Jessica Egan watched on as her colleagues shared their pregnancy news. Six, one after the other; three sets of twins between them. Yet when it came time for the corporate relations executive to share her own, she hesitated.
After difficulties conceiving and a failed round of IVF, the Utah woman and her husband had been thrilled to learn they were pregnant. But at 11 weeks blood test revealed that the little girl growing inside her was positive for Tristomy 21, more commonly known as Down syndrome, a genetic condition caused by the production of an additional chromosome in a person’s cells.
“In that moment I felt extreme devastation,” Jessica told Mamamia.
“All I could think when I received the diagnosis was that my baby wouldn’t be as accepted and celebrated as everyone else’s had been. From three sets of twins to Down syndrome?… I spent the next three days at home in tears, afraid to tell anyone the news.”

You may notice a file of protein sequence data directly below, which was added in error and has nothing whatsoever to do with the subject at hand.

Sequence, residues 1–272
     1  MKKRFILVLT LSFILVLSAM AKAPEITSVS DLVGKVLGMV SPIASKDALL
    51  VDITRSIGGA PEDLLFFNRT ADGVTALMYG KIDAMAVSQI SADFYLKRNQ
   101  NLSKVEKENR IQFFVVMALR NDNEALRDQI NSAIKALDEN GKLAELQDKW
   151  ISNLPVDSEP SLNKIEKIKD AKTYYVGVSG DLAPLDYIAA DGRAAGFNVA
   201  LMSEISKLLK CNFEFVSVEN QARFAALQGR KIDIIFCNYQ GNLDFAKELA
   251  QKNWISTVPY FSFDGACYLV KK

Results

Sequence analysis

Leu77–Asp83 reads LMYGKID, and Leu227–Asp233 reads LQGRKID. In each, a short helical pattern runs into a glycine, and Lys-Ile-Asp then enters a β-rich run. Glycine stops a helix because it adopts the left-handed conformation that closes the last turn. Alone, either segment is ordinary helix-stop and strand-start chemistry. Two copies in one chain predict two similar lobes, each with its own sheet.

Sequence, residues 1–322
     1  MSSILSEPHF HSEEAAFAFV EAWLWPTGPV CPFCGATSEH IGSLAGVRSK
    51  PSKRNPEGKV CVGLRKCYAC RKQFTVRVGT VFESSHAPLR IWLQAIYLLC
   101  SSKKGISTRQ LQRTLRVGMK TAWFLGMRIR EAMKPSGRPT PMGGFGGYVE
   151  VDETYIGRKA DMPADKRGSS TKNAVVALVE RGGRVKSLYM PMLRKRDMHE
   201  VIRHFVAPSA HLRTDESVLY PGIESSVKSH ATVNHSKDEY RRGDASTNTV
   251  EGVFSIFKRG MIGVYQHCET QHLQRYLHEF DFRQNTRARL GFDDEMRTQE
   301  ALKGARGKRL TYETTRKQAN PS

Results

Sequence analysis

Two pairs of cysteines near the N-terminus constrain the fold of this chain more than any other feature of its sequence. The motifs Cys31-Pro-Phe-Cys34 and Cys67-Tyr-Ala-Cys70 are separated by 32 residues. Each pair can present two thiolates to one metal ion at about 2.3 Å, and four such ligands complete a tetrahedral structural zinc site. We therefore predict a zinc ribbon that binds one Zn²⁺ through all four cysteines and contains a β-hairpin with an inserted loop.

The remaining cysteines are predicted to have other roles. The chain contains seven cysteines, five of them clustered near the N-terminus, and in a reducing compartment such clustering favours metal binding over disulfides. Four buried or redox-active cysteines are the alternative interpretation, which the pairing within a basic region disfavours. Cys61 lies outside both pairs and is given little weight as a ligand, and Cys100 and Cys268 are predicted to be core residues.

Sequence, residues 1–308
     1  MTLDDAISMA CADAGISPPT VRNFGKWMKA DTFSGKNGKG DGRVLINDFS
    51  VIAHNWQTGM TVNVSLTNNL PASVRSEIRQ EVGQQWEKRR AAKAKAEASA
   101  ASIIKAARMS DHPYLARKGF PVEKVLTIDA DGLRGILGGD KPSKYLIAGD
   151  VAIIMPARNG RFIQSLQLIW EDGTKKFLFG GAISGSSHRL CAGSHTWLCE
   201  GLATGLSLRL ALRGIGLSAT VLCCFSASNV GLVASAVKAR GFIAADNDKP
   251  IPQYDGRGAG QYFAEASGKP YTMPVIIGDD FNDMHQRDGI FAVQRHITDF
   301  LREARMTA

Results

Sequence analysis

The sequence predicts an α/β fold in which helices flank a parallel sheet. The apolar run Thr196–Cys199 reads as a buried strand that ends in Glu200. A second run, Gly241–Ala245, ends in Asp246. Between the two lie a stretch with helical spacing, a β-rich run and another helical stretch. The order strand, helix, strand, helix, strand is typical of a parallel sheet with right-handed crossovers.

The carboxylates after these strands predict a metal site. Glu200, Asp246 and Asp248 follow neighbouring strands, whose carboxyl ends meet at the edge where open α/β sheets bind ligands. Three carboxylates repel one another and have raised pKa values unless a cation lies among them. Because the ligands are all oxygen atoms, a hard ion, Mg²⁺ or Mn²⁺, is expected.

But over the following weeks and months, something changed. Jessica and her husband reached out to our local Down syndrome foundation and started educating themselves about the diagnosis – one that roughly every 700-900 babies born worldwide receive each year. As Down Syndrome Australia notes, locally the number is closer to one in 1,100 babies, the majority of which go on “to lead quite ordinary lives in the community”.
“We began to realise that Down syndrome was nothing to fear,” Jessica said, “and when our baby [Gwendolyn] was born we were overwhelmed with love for her.”